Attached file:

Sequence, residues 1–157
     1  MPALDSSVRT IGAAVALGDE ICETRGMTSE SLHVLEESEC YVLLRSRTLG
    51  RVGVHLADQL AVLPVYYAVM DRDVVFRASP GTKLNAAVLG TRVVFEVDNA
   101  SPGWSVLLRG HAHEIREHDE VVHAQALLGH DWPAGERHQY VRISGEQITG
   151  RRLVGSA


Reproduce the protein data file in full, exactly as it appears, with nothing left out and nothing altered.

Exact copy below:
Sequence, residues 1–157
     1  MPALDSSVRT IGAAVALGDE ICETRGMTSE SLHVLEESEC YVLLRSRTLG
    51  RVGVHLADQL AVLPVYYAVM DRDVVFRASP GTKLNAAVLG TRVVFEVDNA
   101  SPGWSVLLRG HAHEIREHDE VVHAQALLGH DWPAGERHQY VRISGEQITG
   151  RRLVGSA